41. How is Magma Generated?
    Melting that occurs due to pressure and temperature changes during plate tectonic processes
  42. The geothermal gradient reveals the ______ as the source of most magmas.
  43. a line that shows the change in temperature with depth within the earth.
    Geothermal gradient
  44. Magma temperatures range between
    600° and 1200° C
  45. When rock becomes molten, it becomes less dense and tends to rise toward the surface, which causes two things to happen:
    –Cooling, which tends to solidify the magma.

    –Pressure drop, which tends to allow it to remain molten.
  46. Three factors influence melting point


  47. is the most important aspect of magma 
    chemical composition.
    Silica content
  48. generate mafic (basaltic) magmas with low volatile contents.
    Divergent boundaries and hotspots
  49. dry ultramafic asthenosphere.
    Source material
  50. Partial melting _______ silica content to mafic (basaltic) range.
  51. Eruptions are typically quiet because the basalt flows freely and does not have lots of volatiles (gases) that would tend to
    escape quickly.
  52. generate intermediate to felsic magmas with high volatile contents.
    Subduction zones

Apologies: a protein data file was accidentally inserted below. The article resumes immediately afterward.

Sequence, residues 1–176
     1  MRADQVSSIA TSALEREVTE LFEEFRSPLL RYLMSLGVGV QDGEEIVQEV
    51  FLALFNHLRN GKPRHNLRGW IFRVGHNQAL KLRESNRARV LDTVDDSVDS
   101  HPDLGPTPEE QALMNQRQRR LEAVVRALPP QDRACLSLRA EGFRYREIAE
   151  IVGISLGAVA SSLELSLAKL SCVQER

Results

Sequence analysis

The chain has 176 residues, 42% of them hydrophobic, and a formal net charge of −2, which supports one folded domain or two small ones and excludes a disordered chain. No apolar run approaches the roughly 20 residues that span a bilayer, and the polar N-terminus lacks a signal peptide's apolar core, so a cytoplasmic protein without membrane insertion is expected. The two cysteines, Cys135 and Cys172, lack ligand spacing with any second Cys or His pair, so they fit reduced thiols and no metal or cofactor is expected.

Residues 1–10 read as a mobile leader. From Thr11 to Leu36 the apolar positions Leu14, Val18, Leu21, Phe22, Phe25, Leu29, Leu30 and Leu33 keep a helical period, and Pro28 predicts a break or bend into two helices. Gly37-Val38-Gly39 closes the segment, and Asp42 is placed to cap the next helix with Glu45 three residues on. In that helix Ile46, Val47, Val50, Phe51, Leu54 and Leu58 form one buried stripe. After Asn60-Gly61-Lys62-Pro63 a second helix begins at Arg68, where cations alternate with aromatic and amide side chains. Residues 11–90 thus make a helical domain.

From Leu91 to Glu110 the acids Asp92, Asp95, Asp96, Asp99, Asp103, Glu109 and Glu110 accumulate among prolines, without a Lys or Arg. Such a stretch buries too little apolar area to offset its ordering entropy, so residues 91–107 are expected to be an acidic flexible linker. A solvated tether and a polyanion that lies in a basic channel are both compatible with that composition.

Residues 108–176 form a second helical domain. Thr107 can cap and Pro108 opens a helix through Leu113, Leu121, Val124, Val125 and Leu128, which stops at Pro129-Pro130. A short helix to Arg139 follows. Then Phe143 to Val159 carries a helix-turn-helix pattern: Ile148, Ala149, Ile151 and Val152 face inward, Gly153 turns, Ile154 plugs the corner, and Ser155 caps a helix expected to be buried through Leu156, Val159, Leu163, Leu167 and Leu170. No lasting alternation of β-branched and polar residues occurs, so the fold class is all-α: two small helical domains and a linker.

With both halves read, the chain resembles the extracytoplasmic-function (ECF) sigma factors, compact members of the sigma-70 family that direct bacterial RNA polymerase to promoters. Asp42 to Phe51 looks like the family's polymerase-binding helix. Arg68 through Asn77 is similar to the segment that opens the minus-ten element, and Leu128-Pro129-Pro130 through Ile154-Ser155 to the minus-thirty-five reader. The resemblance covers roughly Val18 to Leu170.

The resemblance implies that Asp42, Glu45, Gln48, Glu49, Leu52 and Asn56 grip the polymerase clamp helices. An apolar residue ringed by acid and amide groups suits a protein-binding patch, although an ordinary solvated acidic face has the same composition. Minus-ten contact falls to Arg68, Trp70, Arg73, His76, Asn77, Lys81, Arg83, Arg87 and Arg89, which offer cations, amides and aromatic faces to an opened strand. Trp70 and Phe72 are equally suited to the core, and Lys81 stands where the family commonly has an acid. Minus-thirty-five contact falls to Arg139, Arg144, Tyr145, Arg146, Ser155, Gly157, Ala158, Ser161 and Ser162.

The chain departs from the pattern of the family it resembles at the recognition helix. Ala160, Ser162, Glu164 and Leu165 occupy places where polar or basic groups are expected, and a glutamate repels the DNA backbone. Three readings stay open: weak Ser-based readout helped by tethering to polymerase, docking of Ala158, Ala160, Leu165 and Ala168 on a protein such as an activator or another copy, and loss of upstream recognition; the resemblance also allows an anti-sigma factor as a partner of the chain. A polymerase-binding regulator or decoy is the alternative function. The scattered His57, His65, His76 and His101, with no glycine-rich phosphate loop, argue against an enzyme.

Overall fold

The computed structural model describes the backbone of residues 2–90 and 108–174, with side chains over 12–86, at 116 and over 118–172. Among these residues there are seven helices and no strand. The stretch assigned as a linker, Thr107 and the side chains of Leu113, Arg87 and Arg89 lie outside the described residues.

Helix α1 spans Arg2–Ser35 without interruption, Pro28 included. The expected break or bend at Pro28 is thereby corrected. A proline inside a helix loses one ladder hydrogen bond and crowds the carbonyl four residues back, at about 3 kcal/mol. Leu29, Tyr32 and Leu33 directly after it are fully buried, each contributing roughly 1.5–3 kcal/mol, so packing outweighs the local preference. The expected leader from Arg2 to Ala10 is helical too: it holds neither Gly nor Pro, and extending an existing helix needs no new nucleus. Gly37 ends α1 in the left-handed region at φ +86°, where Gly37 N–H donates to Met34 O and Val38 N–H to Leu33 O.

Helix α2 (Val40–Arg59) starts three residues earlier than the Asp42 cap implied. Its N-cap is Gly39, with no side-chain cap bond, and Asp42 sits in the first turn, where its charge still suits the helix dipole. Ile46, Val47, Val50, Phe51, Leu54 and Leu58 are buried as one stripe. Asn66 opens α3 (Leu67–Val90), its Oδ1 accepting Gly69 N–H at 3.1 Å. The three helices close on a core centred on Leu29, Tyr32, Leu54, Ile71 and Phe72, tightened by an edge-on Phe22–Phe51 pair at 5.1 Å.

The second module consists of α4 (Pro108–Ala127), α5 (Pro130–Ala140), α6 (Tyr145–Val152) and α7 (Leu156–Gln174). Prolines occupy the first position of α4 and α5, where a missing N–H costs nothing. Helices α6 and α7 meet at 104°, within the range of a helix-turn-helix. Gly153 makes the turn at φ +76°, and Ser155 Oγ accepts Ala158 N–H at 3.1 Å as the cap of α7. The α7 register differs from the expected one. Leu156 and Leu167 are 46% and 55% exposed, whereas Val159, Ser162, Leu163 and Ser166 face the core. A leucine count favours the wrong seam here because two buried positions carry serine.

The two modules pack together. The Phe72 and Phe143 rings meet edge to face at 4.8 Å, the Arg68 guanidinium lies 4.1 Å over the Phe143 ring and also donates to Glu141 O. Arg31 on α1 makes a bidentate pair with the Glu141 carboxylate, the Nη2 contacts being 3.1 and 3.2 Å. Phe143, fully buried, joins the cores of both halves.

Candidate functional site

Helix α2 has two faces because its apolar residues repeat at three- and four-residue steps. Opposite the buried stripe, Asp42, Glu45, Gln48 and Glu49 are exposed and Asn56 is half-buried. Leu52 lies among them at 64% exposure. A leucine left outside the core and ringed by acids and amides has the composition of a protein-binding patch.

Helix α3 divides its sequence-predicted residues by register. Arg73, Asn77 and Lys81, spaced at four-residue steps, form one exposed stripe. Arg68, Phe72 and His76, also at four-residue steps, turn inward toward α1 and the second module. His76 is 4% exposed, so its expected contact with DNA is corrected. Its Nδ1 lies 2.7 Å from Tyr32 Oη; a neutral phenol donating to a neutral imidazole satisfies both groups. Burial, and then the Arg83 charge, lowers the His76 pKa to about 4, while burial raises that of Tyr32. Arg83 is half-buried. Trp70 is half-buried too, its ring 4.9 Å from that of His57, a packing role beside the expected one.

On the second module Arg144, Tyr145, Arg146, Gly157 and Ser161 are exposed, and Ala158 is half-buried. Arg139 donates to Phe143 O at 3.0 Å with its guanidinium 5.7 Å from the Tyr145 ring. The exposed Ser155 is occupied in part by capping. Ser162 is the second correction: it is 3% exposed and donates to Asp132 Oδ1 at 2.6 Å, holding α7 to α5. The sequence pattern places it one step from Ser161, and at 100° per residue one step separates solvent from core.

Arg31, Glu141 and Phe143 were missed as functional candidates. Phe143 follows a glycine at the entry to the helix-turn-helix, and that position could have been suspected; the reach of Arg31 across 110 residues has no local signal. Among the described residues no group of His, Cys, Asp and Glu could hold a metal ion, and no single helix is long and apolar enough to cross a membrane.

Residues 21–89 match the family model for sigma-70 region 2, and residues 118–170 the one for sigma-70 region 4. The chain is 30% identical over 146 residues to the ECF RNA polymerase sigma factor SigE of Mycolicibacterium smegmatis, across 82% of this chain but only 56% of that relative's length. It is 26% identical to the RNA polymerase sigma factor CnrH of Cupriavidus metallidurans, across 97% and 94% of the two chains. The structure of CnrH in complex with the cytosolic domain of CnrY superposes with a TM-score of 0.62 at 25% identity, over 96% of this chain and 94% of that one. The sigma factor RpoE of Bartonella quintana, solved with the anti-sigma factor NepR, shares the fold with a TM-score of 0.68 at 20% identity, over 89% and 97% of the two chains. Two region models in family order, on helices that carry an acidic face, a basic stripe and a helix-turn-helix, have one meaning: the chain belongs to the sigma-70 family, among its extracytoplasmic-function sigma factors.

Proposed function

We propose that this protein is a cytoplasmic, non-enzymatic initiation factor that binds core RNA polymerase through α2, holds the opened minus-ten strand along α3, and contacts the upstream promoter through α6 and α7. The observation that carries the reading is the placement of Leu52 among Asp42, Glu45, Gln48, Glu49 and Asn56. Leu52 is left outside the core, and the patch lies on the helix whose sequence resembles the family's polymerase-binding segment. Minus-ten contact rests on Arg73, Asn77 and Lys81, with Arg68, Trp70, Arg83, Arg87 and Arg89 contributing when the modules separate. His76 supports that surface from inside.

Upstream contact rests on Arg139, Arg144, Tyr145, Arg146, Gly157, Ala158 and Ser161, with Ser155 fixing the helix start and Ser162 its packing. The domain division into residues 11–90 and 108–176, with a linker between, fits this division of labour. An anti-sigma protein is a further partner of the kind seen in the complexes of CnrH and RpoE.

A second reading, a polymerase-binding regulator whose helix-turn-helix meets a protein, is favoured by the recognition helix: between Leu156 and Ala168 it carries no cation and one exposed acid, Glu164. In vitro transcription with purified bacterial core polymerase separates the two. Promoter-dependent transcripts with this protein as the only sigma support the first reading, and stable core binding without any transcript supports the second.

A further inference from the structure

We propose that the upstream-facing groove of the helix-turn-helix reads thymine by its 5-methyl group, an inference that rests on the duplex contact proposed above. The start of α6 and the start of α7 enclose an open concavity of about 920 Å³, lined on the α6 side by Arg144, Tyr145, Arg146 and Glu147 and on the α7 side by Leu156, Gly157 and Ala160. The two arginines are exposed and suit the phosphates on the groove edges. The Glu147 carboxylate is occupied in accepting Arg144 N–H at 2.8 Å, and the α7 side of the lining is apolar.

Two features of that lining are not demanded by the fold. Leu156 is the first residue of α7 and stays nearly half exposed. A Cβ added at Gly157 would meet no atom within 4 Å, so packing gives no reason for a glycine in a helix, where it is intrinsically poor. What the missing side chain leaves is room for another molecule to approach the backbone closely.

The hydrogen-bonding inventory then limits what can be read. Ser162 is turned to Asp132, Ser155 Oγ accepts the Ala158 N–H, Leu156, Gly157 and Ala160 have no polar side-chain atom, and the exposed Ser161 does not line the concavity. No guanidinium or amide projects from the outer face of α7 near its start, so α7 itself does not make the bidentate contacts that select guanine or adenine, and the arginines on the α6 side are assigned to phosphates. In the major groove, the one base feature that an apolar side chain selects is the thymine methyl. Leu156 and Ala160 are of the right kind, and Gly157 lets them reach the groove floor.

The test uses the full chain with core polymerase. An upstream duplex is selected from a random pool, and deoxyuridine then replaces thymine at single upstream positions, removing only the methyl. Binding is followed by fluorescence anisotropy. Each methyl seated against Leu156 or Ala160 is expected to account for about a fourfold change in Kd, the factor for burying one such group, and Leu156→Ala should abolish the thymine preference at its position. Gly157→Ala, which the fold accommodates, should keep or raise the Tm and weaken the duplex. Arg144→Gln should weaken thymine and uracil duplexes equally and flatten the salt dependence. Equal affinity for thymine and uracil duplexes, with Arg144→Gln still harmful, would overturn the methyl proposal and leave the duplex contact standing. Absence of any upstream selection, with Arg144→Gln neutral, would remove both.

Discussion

53. dry asthenosphere + seawater saturated oceanic lithosphere (basaltic) and continental sediments and crust (granitic).
    Source material
  54. include all the products resulting from eruptions of lava
    • extrusive
    • Volcanic rocks
  55. are those that have solidified below ground
    • intrusive
    • Plutonic rocks
  56. How are Igneous Rocks Classified?
    • Texture
    • Composition
  57. light cooler
    Dominated by non-ferromagnesian minerals.
    relatively low density (2.7 g/cm3)
  58. dark cooler
    Dominated by ferromagnesian minerals.
    relatively high density (2.9 g/cm3)
  59. mix of colors
  60. solid cooler of rocks
    extrusive/volcanic rock/fine
  61. a tabular body of igneous rock that cuts across layered or non-layered rocks.
  62. a tabular body of igneous rock that lies parallel to the layers of a layered rock body.
  63. large, balloon-shaped pluton with a horizontal  (map view) extent of >100 square km  (36 square miles).
  64. similar to a batholith, but smaller (<100 km2).
  65. Dominated by ferromagnesian minerals.
    Dark color, relatively high density (2.9 g/cm3)
  66. Divergent boundaries and hotspots Eruptions are typically quiet because the basalt flows freely and does not have lots of volatiles (gases) that would tend to __________.
    escape quickly
  67. Subduction zones Result is a viscous (sticky) magma that contain lots of volatiles that want to escape quickly – this tends to produce _______
    violent eruptions
  68. Subduction zones Partial melting and incorporation of crustal rocks increase silica content to ______________.
    intermediate or felsic range
  69. Divergent boundaries and hotspots  Partial melting increases silica content to __________
    mafic (basaltic) range.
  70. an isolated area of volcanic activity that does not correspond to a plate boundary.
    Hot Spot